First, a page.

“No. She’s alive, but not for lack of trying. It’s a damned good thing I brought Chakwas down with us, otherwise the news wouldn’t have been good. Yahg opened her up across the chest. Broken ribs, punctured lung. Good thing she’s got two. Missed the heart by millimeters. And Traynor doesn’t need to know that right now. Only that Allers is fine.”
“Shit! I mean: understood. . . no, she’s fine, Traynor. Bumps and bruises. Salarians took the worst of it,” Joker told the communication specialist, not even checking to verify that. “Is that about it, Captain?” he asked, coming back to the conversation.
“Yeah, and good guess. Kirrahe lost an arm but is alive, a handful of his men dead or soon will be and a couple others injured but able to do light work. You guys ready on your end?”
“You bet. Just give us the targets and when the fleet jumps in, these bastards won’t know what hit them.”
“Copy that. Wait for my word. It should be within the day. We need to organize our new army down here and then we’ll be ready for our three prong attack.”
“Roger, Captain. Normandy out.”
Shepard ended the link and found Miranda watching him and waiting. “Well?” she asked. “Everything still good up there?”
He nodded. “Sounds like it.”
“So they’re just waiting for us to do our part down here, huh?”
“Same as always,” Shepard said with a smile. “So let’s go get it done, Miss Lawson.”
“Right behind you, Captain Shepard.”
* * * *
“. . . and so this collector is in control of the yahg?” Anderson asked Caretaker.
“That is correct, Admiral. This unit . . . I was deceived even though I had my suspicions. Given my programming, my mission, and the damage dealt to me by the Rialusan herald, there was little I could do.”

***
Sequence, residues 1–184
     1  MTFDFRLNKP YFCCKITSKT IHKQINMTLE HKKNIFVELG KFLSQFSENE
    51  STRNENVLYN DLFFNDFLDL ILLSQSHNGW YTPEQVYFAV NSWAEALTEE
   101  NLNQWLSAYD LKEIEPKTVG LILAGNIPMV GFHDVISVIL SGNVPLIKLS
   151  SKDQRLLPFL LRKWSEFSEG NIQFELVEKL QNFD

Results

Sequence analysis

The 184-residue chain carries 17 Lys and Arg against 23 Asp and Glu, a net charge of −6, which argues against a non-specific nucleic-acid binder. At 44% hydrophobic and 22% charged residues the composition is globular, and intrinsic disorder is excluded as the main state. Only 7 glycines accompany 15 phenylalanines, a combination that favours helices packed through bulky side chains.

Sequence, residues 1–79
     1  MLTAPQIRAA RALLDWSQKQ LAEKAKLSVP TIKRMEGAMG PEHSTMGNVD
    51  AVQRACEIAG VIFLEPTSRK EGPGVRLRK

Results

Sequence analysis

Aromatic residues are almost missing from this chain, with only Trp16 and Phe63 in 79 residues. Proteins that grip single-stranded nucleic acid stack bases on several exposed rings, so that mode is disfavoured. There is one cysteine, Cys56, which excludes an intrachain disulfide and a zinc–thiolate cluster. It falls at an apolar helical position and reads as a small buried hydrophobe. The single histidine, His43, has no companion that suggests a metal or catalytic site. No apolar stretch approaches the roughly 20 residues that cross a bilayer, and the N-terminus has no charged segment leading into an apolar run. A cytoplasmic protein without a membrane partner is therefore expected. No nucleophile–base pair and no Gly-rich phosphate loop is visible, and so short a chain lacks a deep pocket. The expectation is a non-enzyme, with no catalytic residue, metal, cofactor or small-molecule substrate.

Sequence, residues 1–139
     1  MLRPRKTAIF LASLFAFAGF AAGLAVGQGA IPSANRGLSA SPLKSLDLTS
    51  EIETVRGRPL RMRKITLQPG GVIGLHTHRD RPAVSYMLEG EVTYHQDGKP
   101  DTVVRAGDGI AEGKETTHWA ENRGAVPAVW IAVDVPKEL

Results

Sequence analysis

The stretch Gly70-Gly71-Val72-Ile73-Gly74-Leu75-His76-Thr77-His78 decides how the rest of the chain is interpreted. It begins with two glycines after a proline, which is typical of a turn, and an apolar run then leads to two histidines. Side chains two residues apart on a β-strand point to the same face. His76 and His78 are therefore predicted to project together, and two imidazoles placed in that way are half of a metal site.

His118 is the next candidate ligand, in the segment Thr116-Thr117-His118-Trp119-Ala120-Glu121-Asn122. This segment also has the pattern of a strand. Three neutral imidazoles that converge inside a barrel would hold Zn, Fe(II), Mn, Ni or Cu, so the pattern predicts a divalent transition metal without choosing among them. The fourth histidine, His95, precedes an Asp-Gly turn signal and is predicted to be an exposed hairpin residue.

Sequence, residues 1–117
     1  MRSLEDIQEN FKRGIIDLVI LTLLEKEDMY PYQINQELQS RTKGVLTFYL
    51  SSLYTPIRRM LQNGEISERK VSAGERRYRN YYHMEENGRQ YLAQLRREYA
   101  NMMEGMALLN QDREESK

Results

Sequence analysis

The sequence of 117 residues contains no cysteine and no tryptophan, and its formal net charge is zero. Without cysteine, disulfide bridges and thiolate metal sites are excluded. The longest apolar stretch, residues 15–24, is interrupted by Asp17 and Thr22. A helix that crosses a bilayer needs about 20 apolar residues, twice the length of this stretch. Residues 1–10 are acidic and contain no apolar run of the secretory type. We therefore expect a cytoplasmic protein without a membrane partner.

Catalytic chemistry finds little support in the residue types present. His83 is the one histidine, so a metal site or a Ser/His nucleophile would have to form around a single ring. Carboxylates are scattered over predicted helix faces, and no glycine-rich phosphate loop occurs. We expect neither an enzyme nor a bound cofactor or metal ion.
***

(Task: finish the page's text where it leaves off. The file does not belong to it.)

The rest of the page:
“Understood. Now that we’ve repaired your communications array, where do we go from here?”
“I thank you for that assistance, Admiral. In return, as promised, you will be given those communication designs. This technology, once implemented, will allow you to contact your allies and arrange for pick up.”
“Any other help you can provide?” Jacob asked Caretaker, staring down the yellow hologram still bearing Shepard’s likeness.
The hologram shook its head. “You are asking about further technological advances. At the present, I cannot, but-“
“But?” Nahlyon interjected.
“-but I am still uploading my logs to my counter-parts in the other galaxies and receiving theirs. I wish to confirm the Rialusans’ defeat in all known locations before moving forward.”
“Other galaxies?” Sooltir questioned. “We never considered that the Reapers were in other galaxies . . . I guess we didn’t have the time to worry about that.”
“Indeed,” Caretaker said. “The Prothean empire, as widespread as it was, only dominated this galaxy, one of many. The current cycle’s rules for leaving deactivated mass relays alone, similarly, has left you isolated from many other species who have suffered at the hands of the Rialusans as you have. What’s more, had you merely defeated the threat on this front with conventional means in this galaxy, it would have bought you little reprieve. As the other species in the other galaxies fell, those dormant relays would have been activated and the Rialusan forces in those galaxies would have been diverted here. Maintaining control of the structure you call the Citadel was a key advantage and prevented an even larger immediate force from invading as this galaxy was deemed the highest of threats.”
“And rightfully so, it would seem,” Kahlee Sanders mused.
“Yes, so it would appear . . . communication complete. All galaxies accounted for.”
The team held a collective breath.